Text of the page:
Lake Macquarie is an adventure-seeker’s wonderland. Bordered by Newcastle and the Central Coast, it’s an easy drive to the Hunter Valley and only 90 minutes from Sydney.
Named after its main attraction — a 110-square kilometre body of water and the largest saltwater lake in the Southern Hemisphere — it’s the ideal base for all kinds of water sports, from kayaking to jet boating and stand-up paddle boarding. Positioned between national parks and forests, as well as unique beaches such as Caves Beach, it’s also a great spot for mountain biking, hiking and 4WD touring.
Aerobatic Thrill Flight
Get a taste of what it feels like to be Australia’s Red Bull Air Race Pilot, Matt Hall, with a scenic joy flight over the lake. Departing from Lake Macquarie airport, strap yourself in before reaching speeds of up to 400km/hr during a simulation of the Air Race Track plus manoeuvres such as high G turns, rolls and spins.
Scenic Helicopter Flight
Skyline Aviation will give you a bird’s eye view over Lake Macquarie’s golden beaches on a 10-minute flight. If you want to stay in the air longer, there are flights that also take in Newcastle’s beaches, from Blacksmiths to Redhead.
Skydive over Lake Macquarie
If you’re going to jump out of a plane you might as well do it somewhere scenic. You’ll drop from an altitude of up to 15,000ft and freefall at over 200km/hr for up to 60 seconds before you leisurely float back to solid ground in five to seven minutes.
Hang Gliding and Paragliding
Whether you want to learn how to enjoy a solo free flight or are happy to hand over the reins to someone who knows better on a tandem flight, this is the place to do it. Choose between a foot launched soaring flight or a 3000ft high altitude aero-towed flight. The flights take in the beauty of the Newcastle region, from coastal ridges to the inland mountains of the Watagan National Forest.
This unique aircraft looks like a mini helicopter but is a rotorcraft that develops lift via an unpowered rotor which needs air flow to generate rotation. An engine-driven propeller provides forward thrust. Give it a go and enjoy aerial views over Lake Macquarie.
Kayaking out to a sand island is a lovely way to enjoy your own little piece of Lake Macquarie. The great thing about Lake Macquarie Kayaks is that it’s a mobile hire business, so you can get your kayak or stand-up paddle board delivered to any part of the lake or to your accommodation and they’ll pick it up when you’re done.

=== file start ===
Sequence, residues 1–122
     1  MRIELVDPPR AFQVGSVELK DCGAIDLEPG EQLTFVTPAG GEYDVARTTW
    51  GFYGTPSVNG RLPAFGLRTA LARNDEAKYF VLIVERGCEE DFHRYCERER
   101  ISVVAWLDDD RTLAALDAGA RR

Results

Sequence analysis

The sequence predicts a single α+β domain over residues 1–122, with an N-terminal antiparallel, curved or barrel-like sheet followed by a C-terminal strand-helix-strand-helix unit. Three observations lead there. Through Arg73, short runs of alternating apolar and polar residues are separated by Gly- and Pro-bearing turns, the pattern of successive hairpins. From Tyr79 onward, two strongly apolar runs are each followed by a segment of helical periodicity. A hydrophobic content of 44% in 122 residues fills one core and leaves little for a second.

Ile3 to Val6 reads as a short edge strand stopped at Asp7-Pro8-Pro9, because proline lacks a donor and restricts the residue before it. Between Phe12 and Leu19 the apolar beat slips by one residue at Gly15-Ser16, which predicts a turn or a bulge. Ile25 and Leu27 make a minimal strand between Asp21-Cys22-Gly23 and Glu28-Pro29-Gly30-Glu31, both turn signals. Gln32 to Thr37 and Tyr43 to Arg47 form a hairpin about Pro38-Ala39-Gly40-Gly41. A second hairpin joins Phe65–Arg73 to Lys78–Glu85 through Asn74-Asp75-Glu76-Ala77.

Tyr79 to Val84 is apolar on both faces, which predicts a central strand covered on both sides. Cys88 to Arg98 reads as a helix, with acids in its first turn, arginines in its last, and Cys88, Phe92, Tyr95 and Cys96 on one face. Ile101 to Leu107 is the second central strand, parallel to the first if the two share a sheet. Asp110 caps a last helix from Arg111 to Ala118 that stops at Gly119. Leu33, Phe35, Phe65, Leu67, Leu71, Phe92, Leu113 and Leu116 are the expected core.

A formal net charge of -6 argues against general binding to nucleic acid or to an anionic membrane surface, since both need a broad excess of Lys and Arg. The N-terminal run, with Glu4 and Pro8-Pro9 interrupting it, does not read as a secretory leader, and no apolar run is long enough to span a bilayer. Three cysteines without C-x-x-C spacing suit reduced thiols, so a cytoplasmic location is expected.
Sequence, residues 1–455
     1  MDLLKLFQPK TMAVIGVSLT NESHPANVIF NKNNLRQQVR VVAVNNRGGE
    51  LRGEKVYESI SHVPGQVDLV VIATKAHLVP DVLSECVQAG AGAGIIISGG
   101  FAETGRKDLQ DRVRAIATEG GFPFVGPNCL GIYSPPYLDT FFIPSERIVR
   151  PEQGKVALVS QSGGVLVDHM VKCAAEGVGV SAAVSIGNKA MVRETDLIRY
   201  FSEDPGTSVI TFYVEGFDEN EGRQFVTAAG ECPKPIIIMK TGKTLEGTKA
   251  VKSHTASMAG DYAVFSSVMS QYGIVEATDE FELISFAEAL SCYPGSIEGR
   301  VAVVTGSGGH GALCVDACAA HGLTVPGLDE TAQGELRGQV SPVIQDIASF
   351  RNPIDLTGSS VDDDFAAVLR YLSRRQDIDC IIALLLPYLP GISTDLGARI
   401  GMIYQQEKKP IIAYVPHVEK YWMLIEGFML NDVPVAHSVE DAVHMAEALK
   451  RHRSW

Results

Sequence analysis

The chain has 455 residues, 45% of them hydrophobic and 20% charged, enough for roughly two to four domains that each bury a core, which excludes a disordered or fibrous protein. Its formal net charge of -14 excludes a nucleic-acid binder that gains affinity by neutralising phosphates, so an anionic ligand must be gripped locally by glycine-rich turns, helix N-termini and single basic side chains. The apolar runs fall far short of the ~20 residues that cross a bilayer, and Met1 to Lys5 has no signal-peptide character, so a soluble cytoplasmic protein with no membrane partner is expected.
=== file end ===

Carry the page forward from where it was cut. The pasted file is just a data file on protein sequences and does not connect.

Anglers will be in heaven here. Since commercial fishing was banned you can find species such as mulloway, bream, dusky flathead, tailor, squid, luderick and sand whiting. Lake Macquarie is linked to the sea via the Swansea Channel, which is where you’ll find large schools of Australian salmon over the Winter.
Go for a thrill ride along the lake. You’ll travel at up to 42 knots and experience high-speed slides and turns, 360° spins, power brake stops and fish tails. There’s also the option of extending the trip to open water, travelling along the Swansea Channel and into the ocean where the boat will chop, spin and surf on waves.
Snorkelling and Diving
There are shore dives, boat dives, instructor-led dives and equipment hire if you know what you’re doing and want to explore on your own. There are also snorkelling courses and they’ll let you in on the best coastal and Lake Macquarie underwater sites to check out.
You bought that beast of a car for a reason, so make the most of it. Blacksmiths Beach is renowned for being one of the only spots where the closer you get to the tide, the softer the sand becomes. So reduce your tyre pressure to take on those big dunes. Stockton Beach and Nine Mile Beach require permits and Watagans National Park is for serious drivers, with steep gorges and rocky ridges.
The Awaba Mountain Bike Park is one of the best in the country, with a 12km loop that is almost all single track. The majority of the track is a dry, smooth, hard-packed surface but it also takes in dense rainforest. Ideal for all levels, beginners won’t have too much issue with it. Seasoned riders will be drawn to the Monkey Face downhill track, a technical descent known for being one of the most challenging in Australia.
If walking backwards off a cliff is your thing, you’ll want to do it at Gap Creek Falls in Watagans National Park. A 45-metre waterfall is one of the most spectacular things you can take in when you feel like replacing the surety of a footpath with the thrill of a cliff face.
One of the prettiest walking tracks is the Boarding House Dam Walk in Watagans National Park. The half-hour circuit takes in a creek, moss walls, rainforest and the dam. Stop at the picnic area for a rest before heading back to town. The Coastal Walking Track at Wallarah National Park is a picturesque trail; in winter you’re likely to spot passing humpback and southern right whales.
Watch the Sunrise from a Beach Cave
Caves Beach is one of those places that look too good to be true. The best time to explore the caves is at low tide so check the coastal report and get there early. You’ll be rewarded with a sky that runs the gamut of colours from orange to pink to purple as you start the day exploring the sea caves and rock pools.
Camp Among the Pines
Ignore the rest of the world and enjoy the quiet solitude of Watagans National Park as you set up camp among towering pine trees for a night. It’s just you, your love and nature.
Text and photos courtesy of Destination NSW